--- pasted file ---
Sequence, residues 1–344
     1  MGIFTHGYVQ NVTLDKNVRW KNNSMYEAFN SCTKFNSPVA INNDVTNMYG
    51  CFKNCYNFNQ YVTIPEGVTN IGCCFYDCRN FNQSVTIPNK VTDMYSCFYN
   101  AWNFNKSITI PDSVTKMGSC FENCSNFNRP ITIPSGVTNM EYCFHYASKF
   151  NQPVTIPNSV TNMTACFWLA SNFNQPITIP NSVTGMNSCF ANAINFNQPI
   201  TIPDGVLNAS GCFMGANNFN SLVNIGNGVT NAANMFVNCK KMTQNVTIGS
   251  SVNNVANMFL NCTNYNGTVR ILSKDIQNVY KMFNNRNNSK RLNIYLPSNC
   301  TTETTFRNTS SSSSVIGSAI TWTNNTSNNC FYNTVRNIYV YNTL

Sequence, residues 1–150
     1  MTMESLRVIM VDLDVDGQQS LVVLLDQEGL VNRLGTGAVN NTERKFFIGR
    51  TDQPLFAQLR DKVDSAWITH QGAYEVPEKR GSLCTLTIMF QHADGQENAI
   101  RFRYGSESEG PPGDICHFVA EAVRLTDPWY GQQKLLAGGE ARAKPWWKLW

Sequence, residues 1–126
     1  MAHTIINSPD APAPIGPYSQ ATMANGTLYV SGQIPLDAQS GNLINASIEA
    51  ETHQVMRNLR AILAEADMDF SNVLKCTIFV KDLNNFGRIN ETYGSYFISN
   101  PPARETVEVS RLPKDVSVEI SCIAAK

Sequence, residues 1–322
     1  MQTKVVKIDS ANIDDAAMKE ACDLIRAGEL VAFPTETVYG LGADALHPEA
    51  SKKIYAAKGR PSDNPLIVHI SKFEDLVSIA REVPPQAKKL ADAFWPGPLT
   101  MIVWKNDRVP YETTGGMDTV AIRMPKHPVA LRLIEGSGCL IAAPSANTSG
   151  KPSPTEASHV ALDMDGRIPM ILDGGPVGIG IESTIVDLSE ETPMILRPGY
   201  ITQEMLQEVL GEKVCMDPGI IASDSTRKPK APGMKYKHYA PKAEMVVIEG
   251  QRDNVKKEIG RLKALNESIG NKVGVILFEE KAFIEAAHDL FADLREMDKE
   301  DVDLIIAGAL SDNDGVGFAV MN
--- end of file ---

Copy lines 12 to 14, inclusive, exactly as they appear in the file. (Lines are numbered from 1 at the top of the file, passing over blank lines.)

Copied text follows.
   101  RFRYGSESEG PPGDICHFVA EAVRLTDPWY GQQKLLAGGE ARAKPWWKLW

Sequence, residues 1–126
     1  MAHTIINSPD APAPIGPYSQ ATMANGTLYV SGQIPLDAQS GNLINASIEA